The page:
The Commonwealth of Kentucky may not have an NBA team, but the bluegrass state produces a ton of professional players via the prestigious University of Kentucky. On the New York Knicks alone, you’ll find Julius Randle, Nerlens Noel, and Immanuel Quickley. Across the league, other notable ex-Wildcats include Devin Booker, Bam Adebayo, Anthony Davis, Tyler Herro, Tyrese Maxey, and Karl-Anthony Towns. A player’s gotta be primo to make the Kentucky roster (but not Josh Primo, he attended ’Bama), and standouts at KY are coveted by NBA scouts.
The latest prospect coming out of Kentucky is Tyrone “TyTy” Washington, Jr. When the 6’3”, 180 lbs guard with a 6’9” wingspan declared for the 2022 NBA draft, few were surprised that he chose to be another one-and-done. In 31 games for Kentucky (26-8), the 20-year-old averaged 12.5 points, 3.5 rebounds, and 3.9 assists on 45% shooting.
The Wildcat distinguished himself as a mid-range threat, and 50% of his scoring attempts were two-point jumpers last season. From deep, he shot 35%, and at the free-throw line, he averaged 75%. TyTy has a nice shooting form, speed, and pretty good BBIQ. His ball-handling skills, crafty stutters, and nifty fakes allow him to penetrate the paint for two or dish out for a dime. He’s a fun player to watch, and his floaters could make Immanuel Quickley envious. Actually…yeah, we’ll revisit IQ in a minute.
Meanwhile, enjoy the highlights:
His bona fides include: the 2021-22 All-SEC, Second Team; 2021-22 SEC All-Freshman; and 2021-22 Wooden Award (Preseason). Against Tennessee on January 15, 2022, he totaled a season-high 28 points on 10-for-13 shooting and added five assists and three steals. Earlier that month, against Georgia, his 17 dimes broke former Wildcat John Wall’s record for assists in a game.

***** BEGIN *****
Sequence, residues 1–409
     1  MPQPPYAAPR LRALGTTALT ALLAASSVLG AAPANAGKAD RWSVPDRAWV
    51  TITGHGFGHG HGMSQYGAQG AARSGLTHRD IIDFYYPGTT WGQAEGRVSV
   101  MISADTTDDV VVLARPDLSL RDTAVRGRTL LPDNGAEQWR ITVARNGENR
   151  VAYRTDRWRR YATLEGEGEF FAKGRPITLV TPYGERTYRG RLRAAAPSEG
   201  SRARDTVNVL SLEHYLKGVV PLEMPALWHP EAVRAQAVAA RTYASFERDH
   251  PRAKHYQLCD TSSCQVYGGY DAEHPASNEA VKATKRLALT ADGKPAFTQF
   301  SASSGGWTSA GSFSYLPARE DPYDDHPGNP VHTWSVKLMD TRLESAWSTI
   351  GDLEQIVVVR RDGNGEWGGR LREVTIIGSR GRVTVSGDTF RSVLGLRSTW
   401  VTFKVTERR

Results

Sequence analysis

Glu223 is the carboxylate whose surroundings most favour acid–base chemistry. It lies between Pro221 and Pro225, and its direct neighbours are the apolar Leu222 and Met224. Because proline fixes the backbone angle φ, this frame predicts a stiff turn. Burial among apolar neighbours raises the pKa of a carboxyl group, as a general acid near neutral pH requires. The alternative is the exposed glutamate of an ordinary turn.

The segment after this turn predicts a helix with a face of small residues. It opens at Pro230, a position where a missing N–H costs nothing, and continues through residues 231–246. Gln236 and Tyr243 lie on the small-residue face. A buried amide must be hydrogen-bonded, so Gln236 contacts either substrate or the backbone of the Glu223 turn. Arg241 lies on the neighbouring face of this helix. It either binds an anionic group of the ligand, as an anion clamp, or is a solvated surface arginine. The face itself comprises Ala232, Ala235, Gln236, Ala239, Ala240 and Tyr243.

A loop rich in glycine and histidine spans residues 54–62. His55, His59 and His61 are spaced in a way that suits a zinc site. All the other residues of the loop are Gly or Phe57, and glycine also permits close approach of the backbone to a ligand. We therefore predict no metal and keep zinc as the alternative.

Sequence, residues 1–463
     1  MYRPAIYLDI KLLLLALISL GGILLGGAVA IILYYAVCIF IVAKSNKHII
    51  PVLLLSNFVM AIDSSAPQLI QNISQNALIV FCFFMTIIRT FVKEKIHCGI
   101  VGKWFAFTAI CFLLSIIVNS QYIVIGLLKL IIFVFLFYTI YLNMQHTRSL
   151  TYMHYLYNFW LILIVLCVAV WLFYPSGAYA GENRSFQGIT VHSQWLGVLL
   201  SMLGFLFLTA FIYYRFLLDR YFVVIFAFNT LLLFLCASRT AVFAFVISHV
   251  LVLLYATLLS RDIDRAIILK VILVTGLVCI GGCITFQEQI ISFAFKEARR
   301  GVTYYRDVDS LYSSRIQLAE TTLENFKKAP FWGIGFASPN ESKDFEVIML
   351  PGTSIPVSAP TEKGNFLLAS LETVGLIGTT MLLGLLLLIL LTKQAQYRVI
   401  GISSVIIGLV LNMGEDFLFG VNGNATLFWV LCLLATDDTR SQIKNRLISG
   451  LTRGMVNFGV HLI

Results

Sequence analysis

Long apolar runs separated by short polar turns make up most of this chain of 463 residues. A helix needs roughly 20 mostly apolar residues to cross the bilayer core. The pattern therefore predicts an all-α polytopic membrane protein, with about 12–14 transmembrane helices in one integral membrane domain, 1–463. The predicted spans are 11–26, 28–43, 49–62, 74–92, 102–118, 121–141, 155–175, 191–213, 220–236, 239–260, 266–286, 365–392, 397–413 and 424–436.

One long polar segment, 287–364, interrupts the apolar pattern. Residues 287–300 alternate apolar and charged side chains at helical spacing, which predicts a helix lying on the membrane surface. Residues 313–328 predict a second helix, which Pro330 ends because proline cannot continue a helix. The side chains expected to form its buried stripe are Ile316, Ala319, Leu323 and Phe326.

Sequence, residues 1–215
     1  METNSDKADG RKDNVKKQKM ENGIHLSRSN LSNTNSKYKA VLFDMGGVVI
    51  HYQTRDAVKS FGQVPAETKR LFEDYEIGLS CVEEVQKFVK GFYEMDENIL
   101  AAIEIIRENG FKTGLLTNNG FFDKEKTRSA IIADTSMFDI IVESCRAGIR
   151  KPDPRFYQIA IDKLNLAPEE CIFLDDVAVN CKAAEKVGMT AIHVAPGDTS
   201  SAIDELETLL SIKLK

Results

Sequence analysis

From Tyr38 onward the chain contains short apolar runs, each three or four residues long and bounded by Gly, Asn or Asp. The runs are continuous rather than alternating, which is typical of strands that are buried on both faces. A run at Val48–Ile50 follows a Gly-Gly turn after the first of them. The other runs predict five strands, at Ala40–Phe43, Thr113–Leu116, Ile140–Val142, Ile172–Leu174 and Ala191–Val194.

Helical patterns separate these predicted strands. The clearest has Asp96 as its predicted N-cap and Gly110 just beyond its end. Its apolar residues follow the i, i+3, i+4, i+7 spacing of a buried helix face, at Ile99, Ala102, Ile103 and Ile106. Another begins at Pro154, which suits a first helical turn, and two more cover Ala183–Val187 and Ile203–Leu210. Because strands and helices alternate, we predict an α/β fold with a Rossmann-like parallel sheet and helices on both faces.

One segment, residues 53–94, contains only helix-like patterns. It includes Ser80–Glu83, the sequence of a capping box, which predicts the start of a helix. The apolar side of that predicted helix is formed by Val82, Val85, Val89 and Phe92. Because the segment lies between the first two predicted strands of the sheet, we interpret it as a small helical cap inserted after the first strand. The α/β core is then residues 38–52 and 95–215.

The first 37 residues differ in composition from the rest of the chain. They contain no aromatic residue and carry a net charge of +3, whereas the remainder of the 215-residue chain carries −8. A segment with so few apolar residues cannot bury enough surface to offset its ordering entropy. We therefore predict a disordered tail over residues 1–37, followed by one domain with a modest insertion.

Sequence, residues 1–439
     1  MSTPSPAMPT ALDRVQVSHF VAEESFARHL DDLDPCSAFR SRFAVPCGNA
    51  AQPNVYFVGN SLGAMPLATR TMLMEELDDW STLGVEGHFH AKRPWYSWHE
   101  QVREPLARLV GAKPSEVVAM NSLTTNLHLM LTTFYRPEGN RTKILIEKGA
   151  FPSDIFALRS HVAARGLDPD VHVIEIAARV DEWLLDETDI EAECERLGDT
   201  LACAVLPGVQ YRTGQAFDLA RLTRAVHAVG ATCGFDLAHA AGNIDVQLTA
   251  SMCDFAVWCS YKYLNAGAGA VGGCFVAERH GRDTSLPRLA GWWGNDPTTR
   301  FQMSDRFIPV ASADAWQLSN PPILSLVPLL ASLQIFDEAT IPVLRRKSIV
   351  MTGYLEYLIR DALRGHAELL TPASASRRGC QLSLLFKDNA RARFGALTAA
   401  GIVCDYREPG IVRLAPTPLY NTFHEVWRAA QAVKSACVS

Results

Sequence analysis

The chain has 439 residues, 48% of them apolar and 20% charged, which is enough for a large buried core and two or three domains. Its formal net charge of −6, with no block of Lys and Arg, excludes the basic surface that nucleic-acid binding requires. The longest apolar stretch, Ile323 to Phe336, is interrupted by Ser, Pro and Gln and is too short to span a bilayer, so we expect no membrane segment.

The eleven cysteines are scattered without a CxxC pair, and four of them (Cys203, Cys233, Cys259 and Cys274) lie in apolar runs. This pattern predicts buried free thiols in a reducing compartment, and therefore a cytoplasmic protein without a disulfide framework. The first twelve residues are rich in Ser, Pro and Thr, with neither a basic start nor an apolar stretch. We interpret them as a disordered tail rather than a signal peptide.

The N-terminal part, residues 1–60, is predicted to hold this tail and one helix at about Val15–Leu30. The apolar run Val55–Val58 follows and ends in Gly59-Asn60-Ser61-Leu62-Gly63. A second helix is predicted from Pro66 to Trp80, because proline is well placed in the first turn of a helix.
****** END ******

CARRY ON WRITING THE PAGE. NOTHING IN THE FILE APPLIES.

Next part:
At Kentucky, Washington was second only to big power forward Oscar Tshiebwe in field goal attempts. He was a key component in an offense that ranked 12th out of 358. And with a motor that doesn’t quit at either end of the floor, he has the defensive potential to intrigue Tom Thibodeau. Heck, the young man averaged 1.3 steals per game. What’s not to love?
Well, it’s fair to say that TyTy stunk against Saint Peter’s in the NCAA tournament. He scored only five points on 20% shooting in 32 minutes, looked lost on defense, and shouldered significant blame for Kentucky’s surprising early exit. If bright lights are an issue for the youngster, he may find the NBA a challenge.
TyTy needs to develop his game both beyond the arc and at the rim. At Kentucky, only 31% of his shots came from the perimeter and a paltry 19% were at the iron. Adding muscle would help him fight through traffic, and currently he cuts a silhouette similar to that of Cole Anthony and De’Aaron Fox, but with longer arms. In fact, he’s a dead ringer for Immanuel Quickley in many ways, although Quick has about 10 lbs on him.
When Quickley entered the NBA, he wasn’t ready to play a first-string guard position. The same can be said about TyTy.
But here’s the thing: We already know that Quickley can play point guard at the NBA level. He did it quite well last season. Does it make sense to draft a player with similar projections and question marks heading into the draft?
Join me in Hypothetical Corner, won’t you? TyTy is projected to be available when the Knicks pick, probably 11th. In one possible future, New York promotes Quickley to starting point guard and replaces him on the bench with TyTy. In an alternate future, the Knicks package Quickley (one of their most promising assets) in a blockbuster trade and then replace him with the comparable Washington. Or, third potential scenario, they draft Tyrone only to bundle him in the big trade, as in, “You can’t have IQ, but squint and this other guy looks a lot like him.”
You’ll recall that Quickley was selected 25th in 2020. Don’t be shocked if TyTy is picked in that neighborhood, too.
A sprained ankle sustained in late January may have hampered TyTy over the last 12 games. All indications are that he will be fully healed and ready to play in the upcoming NBA season. As a pro, paired with larger bodies, he will enjoy a lot more pick-and-roll opportunities than he did on John Calipari’s squad, where he averaged under six per game. The team that drafts him will be betting that a stronger supporting cast will help to unlock his full potential…as a reserve guard, at least.
Until we chat again, here’s TyTy scoring 33 in a high school game: